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Proceedings Paper

DARPA Orbital Express program: effecting a revolution in space-based systems
Author(s): David A. Whelan; E. Allen Adler; Samuel B. Wilson III; Gordon M. Roesler Jr.
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Paper Abstract

A primary goal of the Defense Advanced Research Projects Agency is to develop innovative, high-risk technologies with the potential of a revolutionary impact on missions of the Department of Defense. DARPA is developing a space experiment to prove the feasibility of autonomous on- orbit servicing of spacecraft. The Orbital Express program will demonstrate autonomous on-orbit refueling, as well as autonomous delivery of a small payload representing an avionics upgrade package. The maneuverability provided to spacecraft from a ready refueling infrastructure will enable radical new capabilities for the military, civil and commercial spacecraft. Module replacement has the potential to extend bus lifetimes, and to upgrade the performance of key subsystems (e.g. processors) at the pace of technology development. The Orbital Express technology development effort will include the necessary autonomy for a viable servicing infrastructure; a universal interface for docking, refueling and module transfers; and a spacecraft bus design compatible with this servicing concept. The servicer spacecraft of the future may be able to act as a host platform for microsatellites, extending their capabilities while reducing risk. An infrastructure based on Orbital Express also benefits from, and stimulates the development of, lower-cost launch strategies.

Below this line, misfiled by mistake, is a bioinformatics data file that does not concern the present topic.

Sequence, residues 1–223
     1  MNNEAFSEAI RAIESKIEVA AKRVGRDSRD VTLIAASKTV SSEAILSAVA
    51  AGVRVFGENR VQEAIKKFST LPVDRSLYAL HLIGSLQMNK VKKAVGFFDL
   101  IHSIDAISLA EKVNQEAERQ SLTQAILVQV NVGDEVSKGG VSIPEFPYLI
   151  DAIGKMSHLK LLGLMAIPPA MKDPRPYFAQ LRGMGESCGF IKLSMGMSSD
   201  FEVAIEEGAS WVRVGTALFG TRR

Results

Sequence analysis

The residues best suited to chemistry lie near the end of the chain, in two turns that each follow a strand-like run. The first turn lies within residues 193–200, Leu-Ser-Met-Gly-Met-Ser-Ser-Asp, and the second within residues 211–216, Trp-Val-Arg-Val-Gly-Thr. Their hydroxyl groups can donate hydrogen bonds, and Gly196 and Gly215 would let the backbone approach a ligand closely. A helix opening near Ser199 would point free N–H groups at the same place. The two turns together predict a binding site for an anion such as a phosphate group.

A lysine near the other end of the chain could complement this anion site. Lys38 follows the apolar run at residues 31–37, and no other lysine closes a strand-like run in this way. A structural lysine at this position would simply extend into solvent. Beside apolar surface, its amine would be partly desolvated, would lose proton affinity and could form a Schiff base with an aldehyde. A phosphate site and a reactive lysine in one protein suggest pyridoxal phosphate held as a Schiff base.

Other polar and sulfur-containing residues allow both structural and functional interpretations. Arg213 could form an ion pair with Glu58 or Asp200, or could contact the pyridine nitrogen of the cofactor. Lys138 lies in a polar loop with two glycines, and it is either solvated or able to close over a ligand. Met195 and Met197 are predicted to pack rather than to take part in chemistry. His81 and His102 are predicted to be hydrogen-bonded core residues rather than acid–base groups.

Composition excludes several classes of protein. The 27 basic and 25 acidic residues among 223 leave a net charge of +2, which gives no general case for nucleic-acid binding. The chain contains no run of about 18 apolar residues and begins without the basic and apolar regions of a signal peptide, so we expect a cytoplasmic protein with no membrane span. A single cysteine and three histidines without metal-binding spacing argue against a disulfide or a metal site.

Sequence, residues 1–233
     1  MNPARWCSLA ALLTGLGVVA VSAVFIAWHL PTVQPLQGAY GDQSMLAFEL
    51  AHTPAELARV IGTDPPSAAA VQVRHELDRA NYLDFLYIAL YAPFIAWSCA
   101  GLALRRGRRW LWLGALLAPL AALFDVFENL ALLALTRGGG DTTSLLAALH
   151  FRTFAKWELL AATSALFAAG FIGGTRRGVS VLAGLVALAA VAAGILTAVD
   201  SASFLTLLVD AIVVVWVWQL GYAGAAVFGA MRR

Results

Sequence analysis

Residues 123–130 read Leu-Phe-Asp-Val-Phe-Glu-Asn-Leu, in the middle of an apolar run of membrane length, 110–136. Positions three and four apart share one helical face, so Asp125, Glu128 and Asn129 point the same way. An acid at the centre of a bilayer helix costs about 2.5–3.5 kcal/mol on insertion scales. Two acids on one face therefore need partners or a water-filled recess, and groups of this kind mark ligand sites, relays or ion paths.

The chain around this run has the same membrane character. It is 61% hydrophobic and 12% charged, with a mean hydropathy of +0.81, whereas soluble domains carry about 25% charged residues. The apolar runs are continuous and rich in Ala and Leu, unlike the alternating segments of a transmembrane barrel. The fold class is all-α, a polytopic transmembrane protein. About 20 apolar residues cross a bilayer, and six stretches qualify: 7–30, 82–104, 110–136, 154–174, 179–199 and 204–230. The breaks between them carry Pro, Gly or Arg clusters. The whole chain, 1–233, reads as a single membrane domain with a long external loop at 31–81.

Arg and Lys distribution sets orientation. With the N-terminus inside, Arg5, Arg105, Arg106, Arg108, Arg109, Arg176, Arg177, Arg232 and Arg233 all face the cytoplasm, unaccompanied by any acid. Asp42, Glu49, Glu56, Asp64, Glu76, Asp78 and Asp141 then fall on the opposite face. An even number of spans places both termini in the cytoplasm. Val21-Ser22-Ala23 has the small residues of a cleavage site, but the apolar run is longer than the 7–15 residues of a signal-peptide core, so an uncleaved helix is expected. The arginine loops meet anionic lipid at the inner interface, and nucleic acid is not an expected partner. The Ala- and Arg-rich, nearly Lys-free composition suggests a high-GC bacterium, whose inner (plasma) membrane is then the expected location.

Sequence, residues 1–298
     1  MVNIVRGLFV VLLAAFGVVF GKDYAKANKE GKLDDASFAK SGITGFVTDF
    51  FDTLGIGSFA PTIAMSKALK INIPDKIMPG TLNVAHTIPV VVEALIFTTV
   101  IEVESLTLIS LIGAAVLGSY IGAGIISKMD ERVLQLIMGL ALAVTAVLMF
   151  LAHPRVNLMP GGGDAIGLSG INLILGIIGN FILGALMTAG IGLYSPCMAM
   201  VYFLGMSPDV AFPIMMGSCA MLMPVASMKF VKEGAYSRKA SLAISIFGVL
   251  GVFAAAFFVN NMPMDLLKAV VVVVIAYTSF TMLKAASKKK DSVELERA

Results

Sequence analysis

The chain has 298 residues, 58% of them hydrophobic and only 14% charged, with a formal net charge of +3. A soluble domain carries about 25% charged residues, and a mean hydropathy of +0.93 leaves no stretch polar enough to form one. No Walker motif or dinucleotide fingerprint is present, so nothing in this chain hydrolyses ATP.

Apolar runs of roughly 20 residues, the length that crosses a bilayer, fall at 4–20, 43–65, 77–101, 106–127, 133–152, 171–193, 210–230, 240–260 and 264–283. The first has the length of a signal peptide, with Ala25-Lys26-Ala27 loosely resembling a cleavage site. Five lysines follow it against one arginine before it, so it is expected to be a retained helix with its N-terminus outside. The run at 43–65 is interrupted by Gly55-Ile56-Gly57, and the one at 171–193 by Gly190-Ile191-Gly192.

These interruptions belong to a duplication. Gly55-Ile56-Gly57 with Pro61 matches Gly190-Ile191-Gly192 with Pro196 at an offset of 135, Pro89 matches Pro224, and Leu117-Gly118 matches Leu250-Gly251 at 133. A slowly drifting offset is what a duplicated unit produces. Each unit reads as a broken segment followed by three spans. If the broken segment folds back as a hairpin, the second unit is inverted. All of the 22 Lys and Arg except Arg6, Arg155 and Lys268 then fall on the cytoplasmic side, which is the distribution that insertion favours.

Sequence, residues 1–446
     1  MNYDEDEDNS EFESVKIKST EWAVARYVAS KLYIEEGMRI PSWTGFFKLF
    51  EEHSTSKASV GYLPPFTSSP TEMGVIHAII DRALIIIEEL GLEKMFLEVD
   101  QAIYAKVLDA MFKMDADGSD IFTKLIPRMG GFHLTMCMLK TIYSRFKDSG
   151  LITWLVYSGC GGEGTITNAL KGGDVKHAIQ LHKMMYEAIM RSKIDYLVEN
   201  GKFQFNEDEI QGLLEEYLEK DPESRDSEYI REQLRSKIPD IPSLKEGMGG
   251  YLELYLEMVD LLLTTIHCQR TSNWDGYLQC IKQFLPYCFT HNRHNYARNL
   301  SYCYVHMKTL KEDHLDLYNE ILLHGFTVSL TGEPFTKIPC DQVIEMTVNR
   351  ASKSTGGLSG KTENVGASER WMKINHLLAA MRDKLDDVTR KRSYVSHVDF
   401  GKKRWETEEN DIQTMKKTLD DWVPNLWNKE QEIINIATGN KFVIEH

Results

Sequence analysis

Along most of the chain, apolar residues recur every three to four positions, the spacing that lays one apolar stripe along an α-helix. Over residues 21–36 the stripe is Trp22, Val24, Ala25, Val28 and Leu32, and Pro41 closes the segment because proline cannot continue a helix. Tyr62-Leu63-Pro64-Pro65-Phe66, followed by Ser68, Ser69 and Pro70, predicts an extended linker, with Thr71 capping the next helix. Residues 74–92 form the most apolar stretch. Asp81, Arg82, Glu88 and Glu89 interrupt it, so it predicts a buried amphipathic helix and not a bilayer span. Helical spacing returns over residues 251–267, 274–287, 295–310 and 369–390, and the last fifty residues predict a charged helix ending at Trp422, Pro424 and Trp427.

Paper Details

Date Published: 7 November 2000
PDF: 9 pages
Proc. SPIE 4136, Small Payloads in Space, (7 November 2000); doi: 10.1117/12.406656
Show Author Affiliations
David A. Whelan, DARPA (United States)
E. Allen Adler, DARPA (United States)
Samuel B. Wilson III, DARPA (United States)
Gordon M. Roesler Jr., Booz-Allen & Hamilton, Inc. (United States)

Published in SPIE Proceedings Vol. 4136:
Small Payloads in Space
Brian J. Horais; Robert J. Twiggs, Editor(s)

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